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A physicist is someone who studies or completes research into physics. There are many subsets of physics, ranging from very small particle physics to very large cosmology, or study of the universe. There are a wide number of physics courses and majors available. These courses are available at the undergraduate, graduate, and doctoral levels.
There are three items required to become a physicist: post-secondary education, graduate studies, and working experiences as a physicist. The extent of education and experience that you require depends on your career plans and path. Physics courses at the high school level focus on rudimentary learning of complex concepts, such as motion, light, sound and waves. It is not uncommon for a physicist to only discover their interest in this field while in university.
At the undergraduate level, the courses highlight the discoveries and insights gained from the great thinkers in science. Theories on light, sound, gravity, and mechanics have had a huge impact on our everyday lives. Some of the other courses available include optics, nuclear and particle physics. Physics students take courses in advanced mathematics and computer science.
Students with an aptitude for physics specialize at the master degree level. There is a wide range of subjects students can select, ranging from nuclear physics to geophysics. Doctoral program focus solely on the area of specialty.
There are a large number of research projects and opportunities in physics. Physics programs provide a rare opportunity for undergraduate students to complete unique research and have their work published in academic journals. The vast majority of fields do not provide this opportunity until the doctoral degree level. Physicists typically find work in one of three different sectors: government agencies, private firms, and universities. Within these three sectors, the work is divided between research and product development.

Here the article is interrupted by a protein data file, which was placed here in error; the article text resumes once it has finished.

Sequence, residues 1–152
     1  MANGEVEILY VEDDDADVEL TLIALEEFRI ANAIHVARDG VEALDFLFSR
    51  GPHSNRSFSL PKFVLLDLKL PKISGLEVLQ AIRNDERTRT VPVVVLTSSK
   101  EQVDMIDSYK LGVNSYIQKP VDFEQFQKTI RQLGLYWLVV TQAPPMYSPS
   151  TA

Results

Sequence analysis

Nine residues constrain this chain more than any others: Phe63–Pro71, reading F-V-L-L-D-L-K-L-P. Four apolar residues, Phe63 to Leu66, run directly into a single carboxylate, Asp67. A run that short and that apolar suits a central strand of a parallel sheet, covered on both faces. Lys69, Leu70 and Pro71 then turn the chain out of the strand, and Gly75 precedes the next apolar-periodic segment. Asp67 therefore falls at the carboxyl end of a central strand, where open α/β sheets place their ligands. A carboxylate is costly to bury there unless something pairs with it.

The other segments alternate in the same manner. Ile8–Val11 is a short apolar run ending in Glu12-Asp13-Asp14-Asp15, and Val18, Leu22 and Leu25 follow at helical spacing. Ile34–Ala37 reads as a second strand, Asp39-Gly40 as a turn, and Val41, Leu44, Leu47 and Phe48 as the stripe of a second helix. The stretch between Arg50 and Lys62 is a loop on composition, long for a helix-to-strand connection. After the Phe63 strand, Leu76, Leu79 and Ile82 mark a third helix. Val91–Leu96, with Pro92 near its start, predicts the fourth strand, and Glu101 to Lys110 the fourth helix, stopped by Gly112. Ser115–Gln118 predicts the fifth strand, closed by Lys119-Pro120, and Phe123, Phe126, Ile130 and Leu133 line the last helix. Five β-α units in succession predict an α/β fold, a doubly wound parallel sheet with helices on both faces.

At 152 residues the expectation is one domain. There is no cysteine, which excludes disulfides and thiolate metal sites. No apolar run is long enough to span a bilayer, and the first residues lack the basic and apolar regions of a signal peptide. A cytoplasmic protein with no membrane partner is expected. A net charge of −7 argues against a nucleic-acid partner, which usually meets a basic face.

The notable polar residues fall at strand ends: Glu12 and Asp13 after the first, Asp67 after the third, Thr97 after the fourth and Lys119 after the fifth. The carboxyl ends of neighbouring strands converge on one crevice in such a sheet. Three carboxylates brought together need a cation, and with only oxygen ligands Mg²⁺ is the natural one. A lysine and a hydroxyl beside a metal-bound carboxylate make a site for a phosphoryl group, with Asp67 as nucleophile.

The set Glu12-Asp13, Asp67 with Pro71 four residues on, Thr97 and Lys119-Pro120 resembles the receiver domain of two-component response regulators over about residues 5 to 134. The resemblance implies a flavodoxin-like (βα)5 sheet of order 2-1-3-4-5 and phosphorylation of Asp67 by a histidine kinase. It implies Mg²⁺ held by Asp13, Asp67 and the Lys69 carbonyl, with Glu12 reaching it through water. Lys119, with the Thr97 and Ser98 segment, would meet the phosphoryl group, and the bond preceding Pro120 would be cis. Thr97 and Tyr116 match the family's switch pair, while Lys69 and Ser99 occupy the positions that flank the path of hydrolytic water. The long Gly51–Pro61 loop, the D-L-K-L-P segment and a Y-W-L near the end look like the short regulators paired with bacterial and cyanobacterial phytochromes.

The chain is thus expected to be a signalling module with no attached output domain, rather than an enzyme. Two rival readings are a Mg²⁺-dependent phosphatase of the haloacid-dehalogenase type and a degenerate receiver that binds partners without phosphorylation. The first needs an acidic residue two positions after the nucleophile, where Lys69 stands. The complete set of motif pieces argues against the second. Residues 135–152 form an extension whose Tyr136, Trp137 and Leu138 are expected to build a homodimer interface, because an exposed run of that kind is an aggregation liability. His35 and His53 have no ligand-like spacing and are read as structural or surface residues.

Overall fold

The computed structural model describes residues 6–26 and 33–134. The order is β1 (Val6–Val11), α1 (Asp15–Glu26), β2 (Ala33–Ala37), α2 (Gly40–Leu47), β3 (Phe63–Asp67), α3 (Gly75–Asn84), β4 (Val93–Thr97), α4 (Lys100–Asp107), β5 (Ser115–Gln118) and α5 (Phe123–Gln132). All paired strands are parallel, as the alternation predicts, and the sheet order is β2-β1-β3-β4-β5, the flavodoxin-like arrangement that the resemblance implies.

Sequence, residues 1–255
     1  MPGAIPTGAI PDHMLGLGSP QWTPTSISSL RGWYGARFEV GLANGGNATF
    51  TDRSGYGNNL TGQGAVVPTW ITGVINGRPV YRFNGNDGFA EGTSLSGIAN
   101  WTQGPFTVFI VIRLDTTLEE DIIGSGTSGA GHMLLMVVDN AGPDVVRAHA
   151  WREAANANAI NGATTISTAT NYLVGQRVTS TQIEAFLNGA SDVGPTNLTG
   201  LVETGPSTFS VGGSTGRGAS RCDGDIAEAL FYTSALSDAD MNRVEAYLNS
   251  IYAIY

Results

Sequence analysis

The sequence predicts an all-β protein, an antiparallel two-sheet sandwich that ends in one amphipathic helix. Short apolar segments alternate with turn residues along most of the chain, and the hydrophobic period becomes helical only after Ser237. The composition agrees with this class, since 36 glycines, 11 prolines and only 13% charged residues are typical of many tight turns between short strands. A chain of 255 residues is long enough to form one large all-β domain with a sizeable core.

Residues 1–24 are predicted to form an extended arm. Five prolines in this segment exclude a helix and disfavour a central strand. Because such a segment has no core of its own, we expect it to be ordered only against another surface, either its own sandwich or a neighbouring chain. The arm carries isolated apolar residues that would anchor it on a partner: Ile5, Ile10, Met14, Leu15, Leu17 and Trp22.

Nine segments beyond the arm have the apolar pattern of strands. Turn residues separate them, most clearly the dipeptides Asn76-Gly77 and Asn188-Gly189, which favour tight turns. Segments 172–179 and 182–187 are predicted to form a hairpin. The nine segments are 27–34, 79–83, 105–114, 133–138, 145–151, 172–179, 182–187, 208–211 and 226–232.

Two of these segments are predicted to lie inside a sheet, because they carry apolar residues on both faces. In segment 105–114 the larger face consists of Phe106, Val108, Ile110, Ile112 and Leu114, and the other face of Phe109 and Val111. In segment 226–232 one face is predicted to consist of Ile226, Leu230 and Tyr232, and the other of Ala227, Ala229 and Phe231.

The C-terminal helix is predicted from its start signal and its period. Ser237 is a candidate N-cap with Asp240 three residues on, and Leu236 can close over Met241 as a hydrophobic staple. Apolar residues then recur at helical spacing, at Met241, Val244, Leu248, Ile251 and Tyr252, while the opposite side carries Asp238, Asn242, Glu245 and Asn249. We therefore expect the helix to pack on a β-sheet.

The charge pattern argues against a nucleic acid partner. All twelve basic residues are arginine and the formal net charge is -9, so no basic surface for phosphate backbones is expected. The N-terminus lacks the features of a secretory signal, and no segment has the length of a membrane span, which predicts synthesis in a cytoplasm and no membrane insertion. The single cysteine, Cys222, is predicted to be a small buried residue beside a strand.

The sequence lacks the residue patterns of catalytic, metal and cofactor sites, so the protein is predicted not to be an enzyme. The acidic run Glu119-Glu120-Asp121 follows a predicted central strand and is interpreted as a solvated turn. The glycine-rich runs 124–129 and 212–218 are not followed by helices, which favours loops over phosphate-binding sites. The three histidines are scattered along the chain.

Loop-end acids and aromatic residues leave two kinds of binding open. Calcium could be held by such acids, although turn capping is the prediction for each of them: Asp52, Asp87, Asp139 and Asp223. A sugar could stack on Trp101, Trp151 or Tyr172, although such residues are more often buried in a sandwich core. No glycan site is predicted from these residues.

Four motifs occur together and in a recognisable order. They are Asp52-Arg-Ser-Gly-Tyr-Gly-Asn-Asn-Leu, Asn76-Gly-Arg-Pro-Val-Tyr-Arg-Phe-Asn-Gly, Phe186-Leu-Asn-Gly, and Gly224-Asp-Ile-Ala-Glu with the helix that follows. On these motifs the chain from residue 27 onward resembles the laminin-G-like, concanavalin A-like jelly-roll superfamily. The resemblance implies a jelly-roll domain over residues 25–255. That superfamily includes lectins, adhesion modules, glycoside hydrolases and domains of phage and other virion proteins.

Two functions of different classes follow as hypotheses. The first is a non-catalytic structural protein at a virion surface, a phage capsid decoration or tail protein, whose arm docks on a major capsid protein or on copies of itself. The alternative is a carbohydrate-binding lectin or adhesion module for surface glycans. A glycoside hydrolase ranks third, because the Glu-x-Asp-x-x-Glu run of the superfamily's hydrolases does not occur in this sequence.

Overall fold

Government agencies offer many opportunities to work on both the application of existing technology and research projects. Jobs within the space and defense departments are well paid and provide an opportunity to combine research and development across a wide range of areas. The physical location options are somewhat limited, as these positions are usually in university or research focused cities.
The private sector employs physicists in engineering services firms and manufacturing. The opportunities to practice physics in the private sector are somewhat limited, due to the expense of the equipment required for long-term research projects. However, many people with physics training go onto careers in law, medicine, and computer science.